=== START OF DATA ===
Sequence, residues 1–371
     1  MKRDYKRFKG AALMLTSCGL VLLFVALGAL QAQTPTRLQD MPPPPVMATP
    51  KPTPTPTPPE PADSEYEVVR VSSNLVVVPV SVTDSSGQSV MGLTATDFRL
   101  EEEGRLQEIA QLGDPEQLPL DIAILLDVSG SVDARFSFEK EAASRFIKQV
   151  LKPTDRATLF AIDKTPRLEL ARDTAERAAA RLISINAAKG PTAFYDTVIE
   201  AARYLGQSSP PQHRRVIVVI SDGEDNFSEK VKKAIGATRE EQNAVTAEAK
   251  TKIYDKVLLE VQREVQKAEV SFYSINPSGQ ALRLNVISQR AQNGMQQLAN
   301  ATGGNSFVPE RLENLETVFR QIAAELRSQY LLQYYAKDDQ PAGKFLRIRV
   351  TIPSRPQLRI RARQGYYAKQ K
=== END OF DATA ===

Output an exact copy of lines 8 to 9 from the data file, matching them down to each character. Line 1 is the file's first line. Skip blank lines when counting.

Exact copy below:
   301  ATGGNSFVPE RLENLETVFR QIAAELRSQY LLQYYAKDDQ PAGKFLRIRV
   351  TIPSRPQLRI RARQGYYAKQ K